I am guilty of owning this bit of advice: trust the process. I say it all the time. Literally. For every situation where someone asks me why are we doing this? Where? What? How? My answer is always the same. Trust the process. It’s my own fault then that as a small group of us start trying to write about our work around professional learning communities, I am given the sub topic of trusting the process which forces me to then define, demystify, bullet point out, one two step the “process.” Darn. I like to do intentional things behind the curtain and then magic happens, but should I just explain that a lot of the process is guided by na’au (gut-level) decision making based on an awakening of my own Indigenous self? That is somewhat wrong too. I have mentor ideas that I have connected to my own ideas, analyzed them at the gut check level and moved them forward or discarded them according to what feels pono for a specific situation. Not really useful to anyone else.
I am still at the thinking as I write stage. I call this my palu stage. The word palu in Hawai’i sometimes has a wrong connotation. For locals, to vomit is to palu, but in the Hawaiian language, that is not the right word. So in a sense I am not vomiting out my thoughts in some verbal diarrhea rant. That kind of explosive, volcanic vomit is luaʻi. I am also not just quickly writing out train of thought squirrel observations. . .ooh shiny flow like water sentences. That kind of flowing, watery vomit is puaʻi. Palu is fish chum, usually made with fish heads and guts, mixed together for the purpose of baiting fish. Palu writing is my way of using both my guts and my head to start forming connections. The pieces are not always set, but I am trying to throw some palu out on the water to see what kind of interest it brings up.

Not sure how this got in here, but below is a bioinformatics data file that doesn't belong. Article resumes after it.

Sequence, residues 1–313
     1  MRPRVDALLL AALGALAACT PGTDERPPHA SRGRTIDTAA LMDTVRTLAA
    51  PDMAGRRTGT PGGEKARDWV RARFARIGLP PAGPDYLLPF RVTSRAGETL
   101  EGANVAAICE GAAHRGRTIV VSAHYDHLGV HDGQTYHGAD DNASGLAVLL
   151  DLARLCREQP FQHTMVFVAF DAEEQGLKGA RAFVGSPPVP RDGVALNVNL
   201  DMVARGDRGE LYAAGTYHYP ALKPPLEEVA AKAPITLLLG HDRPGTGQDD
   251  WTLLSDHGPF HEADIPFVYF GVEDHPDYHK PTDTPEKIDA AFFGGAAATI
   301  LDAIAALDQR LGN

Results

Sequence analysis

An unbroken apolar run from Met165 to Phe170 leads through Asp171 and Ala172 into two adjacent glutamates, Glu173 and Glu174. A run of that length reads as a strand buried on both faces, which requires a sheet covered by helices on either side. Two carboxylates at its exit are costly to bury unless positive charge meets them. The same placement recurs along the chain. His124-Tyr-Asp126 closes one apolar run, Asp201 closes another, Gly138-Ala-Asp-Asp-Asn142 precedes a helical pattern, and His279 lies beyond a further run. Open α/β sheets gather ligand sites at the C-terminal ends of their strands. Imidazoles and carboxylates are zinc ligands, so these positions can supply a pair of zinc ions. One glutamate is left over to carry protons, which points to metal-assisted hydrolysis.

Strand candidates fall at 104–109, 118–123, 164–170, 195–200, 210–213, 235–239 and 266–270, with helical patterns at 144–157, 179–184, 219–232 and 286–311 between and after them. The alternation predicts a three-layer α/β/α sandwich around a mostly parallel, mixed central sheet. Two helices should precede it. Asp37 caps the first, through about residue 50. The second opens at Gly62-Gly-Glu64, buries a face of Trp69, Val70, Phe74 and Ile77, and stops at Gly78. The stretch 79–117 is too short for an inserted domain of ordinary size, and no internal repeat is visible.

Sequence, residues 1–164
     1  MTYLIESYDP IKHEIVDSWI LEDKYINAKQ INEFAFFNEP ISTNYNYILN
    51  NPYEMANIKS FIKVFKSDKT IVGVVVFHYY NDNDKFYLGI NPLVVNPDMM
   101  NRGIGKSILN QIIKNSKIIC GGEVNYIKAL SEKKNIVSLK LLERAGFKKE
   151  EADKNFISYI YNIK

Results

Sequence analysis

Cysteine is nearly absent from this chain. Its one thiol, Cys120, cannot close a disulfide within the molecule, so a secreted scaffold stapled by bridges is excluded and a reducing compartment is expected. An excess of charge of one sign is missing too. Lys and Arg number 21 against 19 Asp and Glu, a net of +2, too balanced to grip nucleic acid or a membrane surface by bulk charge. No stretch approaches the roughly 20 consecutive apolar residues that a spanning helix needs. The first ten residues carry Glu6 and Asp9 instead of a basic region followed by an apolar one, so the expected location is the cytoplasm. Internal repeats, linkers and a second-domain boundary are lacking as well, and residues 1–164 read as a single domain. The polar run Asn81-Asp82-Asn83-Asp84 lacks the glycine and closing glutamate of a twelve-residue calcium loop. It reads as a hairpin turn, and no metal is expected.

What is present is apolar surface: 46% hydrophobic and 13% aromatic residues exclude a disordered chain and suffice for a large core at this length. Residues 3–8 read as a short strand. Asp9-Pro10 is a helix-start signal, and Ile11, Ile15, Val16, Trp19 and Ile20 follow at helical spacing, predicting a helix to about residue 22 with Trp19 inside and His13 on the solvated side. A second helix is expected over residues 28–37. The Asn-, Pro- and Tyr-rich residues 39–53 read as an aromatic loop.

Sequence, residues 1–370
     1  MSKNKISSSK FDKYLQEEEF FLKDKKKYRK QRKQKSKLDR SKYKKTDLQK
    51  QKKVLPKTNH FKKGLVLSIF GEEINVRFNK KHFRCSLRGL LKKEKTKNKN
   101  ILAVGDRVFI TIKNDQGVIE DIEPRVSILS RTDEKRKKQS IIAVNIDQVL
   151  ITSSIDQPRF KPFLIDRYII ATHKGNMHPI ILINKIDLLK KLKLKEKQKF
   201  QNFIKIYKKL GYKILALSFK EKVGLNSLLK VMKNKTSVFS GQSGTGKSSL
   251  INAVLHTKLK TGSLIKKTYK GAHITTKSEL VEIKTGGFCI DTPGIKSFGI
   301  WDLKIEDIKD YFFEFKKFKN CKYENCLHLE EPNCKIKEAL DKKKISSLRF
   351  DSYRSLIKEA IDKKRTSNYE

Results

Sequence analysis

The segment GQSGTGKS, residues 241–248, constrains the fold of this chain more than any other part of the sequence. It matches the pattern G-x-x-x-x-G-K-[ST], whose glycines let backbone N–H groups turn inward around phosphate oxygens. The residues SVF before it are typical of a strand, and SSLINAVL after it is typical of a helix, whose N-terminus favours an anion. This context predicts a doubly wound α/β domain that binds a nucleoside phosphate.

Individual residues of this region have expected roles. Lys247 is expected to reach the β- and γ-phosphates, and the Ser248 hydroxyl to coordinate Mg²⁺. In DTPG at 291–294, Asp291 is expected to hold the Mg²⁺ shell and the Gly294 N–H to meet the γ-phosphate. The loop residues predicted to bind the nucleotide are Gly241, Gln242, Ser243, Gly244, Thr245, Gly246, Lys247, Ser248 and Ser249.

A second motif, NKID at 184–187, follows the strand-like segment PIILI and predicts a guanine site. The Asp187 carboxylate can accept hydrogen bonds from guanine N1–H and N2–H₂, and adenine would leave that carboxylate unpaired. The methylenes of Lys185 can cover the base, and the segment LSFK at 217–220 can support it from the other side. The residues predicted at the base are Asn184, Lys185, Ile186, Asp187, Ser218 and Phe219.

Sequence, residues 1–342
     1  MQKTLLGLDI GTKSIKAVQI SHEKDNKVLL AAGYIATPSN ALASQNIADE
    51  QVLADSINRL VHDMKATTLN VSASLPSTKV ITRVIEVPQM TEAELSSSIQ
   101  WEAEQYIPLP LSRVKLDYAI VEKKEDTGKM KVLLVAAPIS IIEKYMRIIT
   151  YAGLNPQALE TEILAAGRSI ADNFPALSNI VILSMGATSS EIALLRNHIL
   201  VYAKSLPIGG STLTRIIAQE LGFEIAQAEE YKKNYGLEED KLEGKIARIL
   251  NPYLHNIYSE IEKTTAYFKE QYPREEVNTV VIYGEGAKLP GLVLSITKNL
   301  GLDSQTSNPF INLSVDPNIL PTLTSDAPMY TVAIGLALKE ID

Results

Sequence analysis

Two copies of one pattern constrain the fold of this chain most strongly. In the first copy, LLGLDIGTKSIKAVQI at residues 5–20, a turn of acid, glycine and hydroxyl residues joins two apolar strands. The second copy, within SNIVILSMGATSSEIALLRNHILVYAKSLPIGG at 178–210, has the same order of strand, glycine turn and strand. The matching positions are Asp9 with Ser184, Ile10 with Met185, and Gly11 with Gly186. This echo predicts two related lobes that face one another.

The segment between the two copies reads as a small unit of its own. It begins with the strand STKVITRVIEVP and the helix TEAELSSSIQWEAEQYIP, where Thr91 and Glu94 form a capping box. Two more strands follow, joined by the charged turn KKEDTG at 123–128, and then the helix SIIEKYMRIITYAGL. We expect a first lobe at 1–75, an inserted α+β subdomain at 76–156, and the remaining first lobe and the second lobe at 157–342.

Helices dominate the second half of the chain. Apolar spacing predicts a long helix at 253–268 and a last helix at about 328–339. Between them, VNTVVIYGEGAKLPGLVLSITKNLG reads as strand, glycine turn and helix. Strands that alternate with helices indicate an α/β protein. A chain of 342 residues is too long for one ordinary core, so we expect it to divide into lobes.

Here are some of the materials I am trying to massage to create this palu writing that talks about process, not about what it is, but what the intention of the process for this professional learning community is first. Then we talk about the how.
Yarning Circle (Bennet-Mclean, 2000) encompassing both modern and historic communal gathering processes found amongst many Australian Aboriginal and Torres Strait Islander populations.
Talking Circle introduced into the Reconciliation movement and adapted from Native American Cultures (Picou, 2000). Both derive from Indigenous Peoples’ methods recorded through the stories, songs and ceremonies as mechanisms for inclusion into the transfer of knowledge, participation in the decision-making process and identifying shared goals and desired outcomes for community. (Aseron, Wilde, Miller and Kelly, 2013).
Cultural Safety Circles (CSC’s) borne of the Indigenous experience and found within traditional ways and cultural practices. CSC’s are an acknowledgement of traditional methods for sharing, learning, and collective knowledge development and maintenance. The application of CSC’s can help provide a collective space where definitions for cultural and educational exchange take place and can also be identified. It it through this application that the inherent issue of cultural safety, specifically where it pertains to higher education participation, can then be explored to a deeper understanding. (Aseron, Greymorning, Miller, Wilde, 2013, p. 412)
Bennet-Mclean, D (2000). The yarning circle.
Picou, J.S. (2000). The “Talking Circle” as sociological practice: Cultural transformation of chronic disaster impacts. Journal of Clinical and Applied Sociology (2) 77-97.
Aseron, J. Wilde, S., Miller, A. & Kelly, S. (2013). Indigenous student participation in higher education: Emergent themes and linkages. Contemporary Issues in Education Research 6(4) 417-424.
Aseron, J., Greymorning, S.N., Miller, A. & Wilde, S. (2013). Cultural safety circles and indigenous people’s perspectives: Inclusive practices for participation in higher education. Contemporary Issues in Education Research 6(4) 409-416.